In the third of a series of posts on the Impact of LSE Blogs project, Carlos Arrebola takes a closer look at the increasing frequency with which LSE blog posts are being cited in scholarly publications. The Impact Blog has been cited most often, perhaps reflecting its authors’ readiness to draw on non-traditional scholarly outputs. Unsurprisingly, a majority of citations come […]

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Introducing the Impact of LSE Blogs project!

Since launching in 2010, more than 2000 contributors have written for LSE’s public-facing academic blogs, reaching an ever-expanding, international audience. But how do we measure the impact of this particular form of research communication? In the first of a short series of posts, Carlos Arrebola and Amy Mollett introduce the Impact of LSE Blogs project. As well as following the […]

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    The impact of social sciences on health behaviour interventions has diminished – more interdisciplinary, culture-focused research is needed

The impact of social sciences on health behaviour interventions has diminished – more interdisciplinary, culture-focused research is needed

Capturing the impact of social sciences on other disciplines is notoriously difficult. Daniel Holman, Rebecca Lynch, and Aaron Reeves have looked at the example of health behaviour interventions (HBIs), a field recently criticised for failing to draw on alternative, social sciences approaches that emphasise the structured and contextual aspects of behaviour and health. A bibliometric analysis of the HBIs […]

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    MSF Scientific Days 2017: improving the effectiveness of humanitarian programmes through scientific research and innovation

MSF Scientific Days 2017: improving the effectiveness of humanitarian programmes through scientific research and innovation

MSF Scientific Days is a global network of events focused on how scientific research and innovation can improve the effectiveness of humanitarian medical programmes. Sarah Venis presents some of the highlights of this year’s programme, including discussion of how to best gather evidence from emergency settings, and the challenges of community engagement; as well as an examination of different […]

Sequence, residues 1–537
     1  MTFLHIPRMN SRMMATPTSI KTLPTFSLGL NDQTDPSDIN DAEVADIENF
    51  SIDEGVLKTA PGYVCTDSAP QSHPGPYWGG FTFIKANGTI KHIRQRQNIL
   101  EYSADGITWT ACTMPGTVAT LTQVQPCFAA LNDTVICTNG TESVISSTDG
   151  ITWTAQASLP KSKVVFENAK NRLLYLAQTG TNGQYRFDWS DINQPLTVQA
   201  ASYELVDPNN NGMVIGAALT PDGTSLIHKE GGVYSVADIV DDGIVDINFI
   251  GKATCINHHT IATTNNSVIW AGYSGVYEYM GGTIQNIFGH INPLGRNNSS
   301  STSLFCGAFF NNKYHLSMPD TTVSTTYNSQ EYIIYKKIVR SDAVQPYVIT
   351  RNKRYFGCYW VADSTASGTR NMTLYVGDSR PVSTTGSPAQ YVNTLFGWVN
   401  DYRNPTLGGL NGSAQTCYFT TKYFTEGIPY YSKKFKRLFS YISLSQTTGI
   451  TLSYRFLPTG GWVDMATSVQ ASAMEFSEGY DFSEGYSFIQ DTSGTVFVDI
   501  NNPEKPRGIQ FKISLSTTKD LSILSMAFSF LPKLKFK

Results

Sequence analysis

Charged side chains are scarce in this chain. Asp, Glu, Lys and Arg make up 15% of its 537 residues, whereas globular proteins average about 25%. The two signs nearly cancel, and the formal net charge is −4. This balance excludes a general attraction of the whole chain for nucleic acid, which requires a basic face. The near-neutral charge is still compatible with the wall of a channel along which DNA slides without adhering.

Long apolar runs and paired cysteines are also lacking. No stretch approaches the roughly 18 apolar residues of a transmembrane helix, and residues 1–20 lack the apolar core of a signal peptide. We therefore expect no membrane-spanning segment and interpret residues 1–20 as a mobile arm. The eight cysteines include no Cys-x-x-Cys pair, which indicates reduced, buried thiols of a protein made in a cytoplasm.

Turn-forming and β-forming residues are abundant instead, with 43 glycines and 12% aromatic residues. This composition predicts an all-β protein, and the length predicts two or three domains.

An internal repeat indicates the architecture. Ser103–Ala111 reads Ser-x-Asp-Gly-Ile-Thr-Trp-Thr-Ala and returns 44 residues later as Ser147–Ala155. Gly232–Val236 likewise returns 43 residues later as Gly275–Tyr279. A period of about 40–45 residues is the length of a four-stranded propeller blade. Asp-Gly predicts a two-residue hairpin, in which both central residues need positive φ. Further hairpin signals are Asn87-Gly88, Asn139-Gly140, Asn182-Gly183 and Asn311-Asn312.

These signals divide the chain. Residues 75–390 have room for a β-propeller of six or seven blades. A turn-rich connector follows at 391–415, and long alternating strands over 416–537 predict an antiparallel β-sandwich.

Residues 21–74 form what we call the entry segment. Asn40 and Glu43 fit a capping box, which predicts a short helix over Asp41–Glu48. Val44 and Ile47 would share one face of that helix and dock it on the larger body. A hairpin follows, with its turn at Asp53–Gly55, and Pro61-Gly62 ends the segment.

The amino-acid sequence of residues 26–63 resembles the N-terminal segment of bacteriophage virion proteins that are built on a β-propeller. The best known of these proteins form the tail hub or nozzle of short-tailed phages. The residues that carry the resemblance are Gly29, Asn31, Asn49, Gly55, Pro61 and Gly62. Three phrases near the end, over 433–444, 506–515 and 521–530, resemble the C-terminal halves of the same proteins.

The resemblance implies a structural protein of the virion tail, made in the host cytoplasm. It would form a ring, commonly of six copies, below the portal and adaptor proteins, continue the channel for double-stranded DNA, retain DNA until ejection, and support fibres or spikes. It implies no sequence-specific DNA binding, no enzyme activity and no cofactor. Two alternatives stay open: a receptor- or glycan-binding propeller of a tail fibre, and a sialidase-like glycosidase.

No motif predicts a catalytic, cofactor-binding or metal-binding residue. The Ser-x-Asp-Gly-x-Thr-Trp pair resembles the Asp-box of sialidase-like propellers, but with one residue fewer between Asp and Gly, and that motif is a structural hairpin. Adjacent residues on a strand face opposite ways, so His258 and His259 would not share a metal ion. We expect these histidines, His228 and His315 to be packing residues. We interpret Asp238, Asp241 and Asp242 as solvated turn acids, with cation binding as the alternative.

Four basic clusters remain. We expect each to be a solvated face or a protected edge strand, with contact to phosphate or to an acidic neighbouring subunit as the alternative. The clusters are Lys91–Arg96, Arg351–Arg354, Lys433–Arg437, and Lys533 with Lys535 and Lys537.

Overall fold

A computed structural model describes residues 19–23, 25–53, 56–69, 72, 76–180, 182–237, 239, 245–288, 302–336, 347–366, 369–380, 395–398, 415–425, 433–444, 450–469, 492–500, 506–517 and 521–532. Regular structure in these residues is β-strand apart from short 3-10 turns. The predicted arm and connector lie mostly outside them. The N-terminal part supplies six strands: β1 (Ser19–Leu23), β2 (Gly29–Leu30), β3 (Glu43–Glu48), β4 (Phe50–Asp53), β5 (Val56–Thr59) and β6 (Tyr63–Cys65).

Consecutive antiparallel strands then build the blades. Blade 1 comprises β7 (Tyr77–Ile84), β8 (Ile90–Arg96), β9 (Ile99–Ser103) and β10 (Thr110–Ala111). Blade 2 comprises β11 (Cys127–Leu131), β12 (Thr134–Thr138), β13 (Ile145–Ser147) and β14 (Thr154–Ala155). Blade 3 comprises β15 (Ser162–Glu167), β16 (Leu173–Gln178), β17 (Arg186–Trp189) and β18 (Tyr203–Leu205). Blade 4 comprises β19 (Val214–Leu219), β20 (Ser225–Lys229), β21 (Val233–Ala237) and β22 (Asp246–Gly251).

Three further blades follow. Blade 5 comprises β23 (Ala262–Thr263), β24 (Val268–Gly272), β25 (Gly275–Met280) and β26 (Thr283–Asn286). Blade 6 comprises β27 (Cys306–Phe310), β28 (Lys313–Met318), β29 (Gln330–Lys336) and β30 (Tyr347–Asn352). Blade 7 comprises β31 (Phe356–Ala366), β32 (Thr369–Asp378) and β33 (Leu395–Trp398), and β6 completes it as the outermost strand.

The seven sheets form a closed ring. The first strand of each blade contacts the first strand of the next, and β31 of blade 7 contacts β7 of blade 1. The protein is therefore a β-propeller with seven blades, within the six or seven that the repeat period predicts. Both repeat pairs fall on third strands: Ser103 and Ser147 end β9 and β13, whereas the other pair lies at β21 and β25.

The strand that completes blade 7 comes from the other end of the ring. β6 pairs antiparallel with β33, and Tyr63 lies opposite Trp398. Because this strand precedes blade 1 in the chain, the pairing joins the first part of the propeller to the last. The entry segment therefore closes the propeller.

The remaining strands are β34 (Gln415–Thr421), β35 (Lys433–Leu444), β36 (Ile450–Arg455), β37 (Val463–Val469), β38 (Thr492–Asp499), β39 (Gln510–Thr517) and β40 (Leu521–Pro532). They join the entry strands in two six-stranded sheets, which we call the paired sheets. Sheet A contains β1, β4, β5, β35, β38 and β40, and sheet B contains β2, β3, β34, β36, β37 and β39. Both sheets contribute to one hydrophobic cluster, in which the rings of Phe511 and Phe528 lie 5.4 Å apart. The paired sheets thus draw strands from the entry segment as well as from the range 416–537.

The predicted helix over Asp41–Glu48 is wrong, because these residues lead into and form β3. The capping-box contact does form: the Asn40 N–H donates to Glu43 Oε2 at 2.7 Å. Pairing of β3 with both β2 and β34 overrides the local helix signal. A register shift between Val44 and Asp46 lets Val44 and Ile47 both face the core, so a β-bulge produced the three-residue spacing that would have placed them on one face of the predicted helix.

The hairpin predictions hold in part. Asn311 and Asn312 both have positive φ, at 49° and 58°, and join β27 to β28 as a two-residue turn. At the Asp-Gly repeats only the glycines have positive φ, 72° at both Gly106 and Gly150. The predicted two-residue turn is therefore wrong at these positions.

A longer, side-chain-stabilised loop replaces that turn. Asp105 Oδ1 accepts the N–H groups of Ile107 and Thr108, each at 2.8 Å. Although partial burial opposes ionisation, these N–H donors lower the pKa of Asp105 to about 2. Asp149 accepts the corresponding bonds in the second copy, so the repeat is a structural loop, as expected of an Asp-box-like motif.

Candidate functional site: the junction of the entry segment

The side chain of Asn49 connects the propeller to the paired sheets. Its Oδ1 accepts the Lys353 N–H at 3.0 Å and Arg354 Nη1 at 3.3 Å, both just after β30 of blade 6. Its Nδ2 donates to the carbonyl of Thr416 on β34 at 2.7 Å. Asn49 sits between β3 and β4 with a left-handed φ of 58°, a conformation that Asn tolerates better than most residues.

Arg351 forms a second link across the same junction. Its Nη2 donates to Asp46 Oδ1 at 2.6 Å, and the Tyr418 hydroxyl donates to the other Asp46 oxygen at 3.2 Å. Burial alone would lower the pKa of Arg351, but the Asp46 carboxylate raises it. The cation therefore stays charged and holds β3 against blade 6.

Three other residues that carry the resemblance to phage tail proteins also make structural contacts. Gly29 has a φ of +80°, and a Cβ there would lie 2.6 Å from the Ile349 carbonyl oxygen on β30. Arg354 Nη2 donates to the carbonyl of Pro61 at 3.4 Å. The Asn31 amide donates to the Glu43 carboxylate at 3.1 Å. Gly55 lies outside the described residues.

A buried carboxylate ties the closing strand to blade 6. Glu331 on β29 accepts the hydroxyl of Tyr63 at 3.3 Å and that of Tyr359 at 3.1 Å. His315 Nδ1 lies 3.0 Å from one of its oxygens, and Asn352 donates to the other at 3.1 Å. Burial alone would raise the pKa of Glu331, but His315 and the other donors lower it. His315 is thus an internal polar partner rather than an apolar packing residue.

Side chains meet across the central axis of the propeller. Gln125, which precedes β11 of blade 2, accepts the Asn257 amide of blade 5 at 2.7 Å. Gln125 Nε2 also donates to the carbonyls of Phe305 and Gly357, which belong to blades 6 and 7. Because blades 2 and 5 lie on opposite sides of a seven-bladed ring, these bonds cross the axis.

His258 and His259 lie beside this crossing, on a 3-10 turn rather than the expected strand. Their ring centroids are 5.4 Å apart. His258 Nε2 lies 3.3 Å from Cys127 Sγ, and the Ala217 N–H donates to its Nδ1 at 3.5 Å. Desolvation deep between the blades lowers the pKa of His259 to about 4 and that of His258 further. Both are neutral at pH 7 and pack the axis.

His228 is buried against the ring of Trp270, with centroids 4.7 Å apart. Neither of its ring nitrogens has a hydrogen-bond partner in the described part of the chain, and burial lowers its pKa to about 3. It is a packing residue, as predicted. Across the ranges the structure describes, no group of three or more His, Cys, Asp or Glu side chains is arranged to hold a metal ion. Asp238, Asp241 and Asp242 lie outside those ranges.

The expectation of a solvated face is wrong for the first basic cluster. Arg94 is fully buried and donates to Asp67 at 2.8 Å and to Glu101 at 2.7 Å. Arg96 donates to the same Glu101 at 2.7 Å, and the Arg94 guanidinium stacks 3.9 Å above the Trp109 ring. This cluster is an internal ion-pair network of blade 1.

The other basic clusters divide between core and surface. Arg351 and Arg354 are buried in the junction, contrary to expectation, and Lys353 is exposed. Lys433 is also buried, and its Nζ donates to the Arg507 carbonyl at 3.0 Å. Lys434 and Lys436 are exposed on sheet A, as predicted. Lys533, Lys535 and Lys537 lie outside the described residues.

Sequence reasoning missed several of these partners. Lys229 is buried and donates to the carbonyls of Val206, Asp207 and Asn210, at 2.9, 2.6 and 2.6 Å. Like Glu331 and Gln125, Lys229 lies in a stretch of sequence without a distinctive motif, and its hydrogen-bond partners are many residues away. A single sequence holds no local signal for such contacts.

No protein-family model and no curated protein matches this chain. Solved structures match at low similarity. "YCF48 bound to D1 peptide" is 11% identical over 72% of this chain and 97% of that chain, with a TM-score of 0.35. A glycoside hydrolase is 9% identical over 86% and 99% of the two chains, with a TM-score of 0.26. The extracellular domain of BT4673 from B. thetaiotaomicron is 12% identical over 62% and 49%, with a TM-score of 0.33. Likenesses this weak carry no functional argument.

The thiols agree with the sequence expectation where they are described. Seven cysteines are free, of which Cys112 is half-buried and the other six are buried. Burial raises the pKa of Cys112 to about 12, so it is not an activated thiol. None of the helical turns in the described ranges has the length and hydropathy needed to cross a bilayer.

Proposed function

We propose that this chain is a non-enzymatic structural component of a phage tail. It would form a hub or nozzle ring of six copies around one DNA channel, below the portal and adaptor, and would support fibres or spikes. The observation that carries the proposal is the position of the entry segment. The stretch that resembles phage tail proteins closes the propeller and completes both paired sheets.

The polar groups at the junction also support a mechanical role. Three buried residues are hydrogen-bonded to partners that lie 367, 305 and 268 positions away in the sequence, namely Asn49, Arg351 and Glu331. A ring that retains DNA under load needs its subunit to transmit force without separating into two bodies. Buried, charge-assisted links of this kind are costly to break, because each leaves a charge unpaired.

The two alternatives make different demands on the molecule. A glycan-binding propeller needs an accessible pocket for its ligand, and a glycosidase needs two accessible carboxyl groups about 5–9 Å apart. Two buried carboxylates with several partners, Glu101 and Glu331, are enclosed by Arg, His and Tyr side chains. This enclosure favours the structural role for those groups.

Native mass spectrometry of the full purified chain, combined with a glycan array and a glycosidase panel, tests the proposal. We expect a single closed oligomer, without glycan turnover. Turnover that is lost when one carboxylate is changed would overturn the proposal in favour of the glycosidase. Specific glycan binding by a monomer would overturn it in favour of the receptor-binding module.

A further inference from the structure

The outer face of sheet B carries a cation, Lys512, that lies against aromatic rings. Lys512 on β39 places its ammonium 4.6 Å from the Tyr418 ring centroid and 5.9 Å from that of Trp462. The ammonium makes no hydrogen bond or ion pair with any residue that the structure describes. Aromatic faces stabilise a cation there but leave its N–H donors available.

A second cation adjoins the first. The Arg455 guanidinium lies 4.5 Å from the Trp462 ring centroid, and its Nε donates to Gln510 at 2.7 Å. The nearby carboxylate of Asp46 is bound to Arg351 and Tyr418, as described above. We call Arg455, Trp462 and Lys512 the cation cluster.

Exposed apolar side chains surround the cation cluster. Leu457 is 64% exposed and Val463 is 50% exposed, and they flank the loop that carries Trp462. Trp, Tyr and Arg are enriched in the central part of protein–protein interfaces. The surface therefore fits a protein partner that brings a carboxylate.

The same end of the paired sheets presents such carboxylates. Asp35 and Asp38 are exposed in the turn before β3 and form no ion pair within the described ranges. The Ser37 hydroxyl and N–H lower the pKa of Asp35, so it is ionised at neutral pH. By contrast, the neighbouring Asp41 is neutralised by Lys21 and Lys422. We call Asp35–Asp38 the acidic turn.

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    The REF’s focus on linear and direct impact is problematic and silences certain types of research

The REF’s focus on linear and direct impact is problematic and silences certain types of research

In the last Research Excellence Framework (REF), the new element of research impact was understood in very linear and direct terms. Aoileann Ní Mhurchú, Laura McLeod, Stephanie Collins and Gabriel Siles-Brügge consider how accepted definitions of impact may have had the effect of silencing certain types of research. Research and impact should be seen as a two-way street, where […]

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    How to make altmetrics useful in societal impact assessments: shifting from citation to interaction approaches

How to make altmetrics useful in societal impact assessments: shifting from citation to interaction approaches

The suitability of altmetrics for use in assessments of societal impact has been questioned by certain recent studies. Ismael Ràfols, Nicolas Robinson-García and Thed N. van Leeuwen propose that, rather than mimicking citation-based approaches to scientific impact evaluation, assessments of societal impact should be aimed at learning rather than auditing, and focused on understanding the engagement approaches that lead […]

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This work by LSE Impact of Social Sciences blog is licensed under a Creative Commons Attribution 3.0 Unported.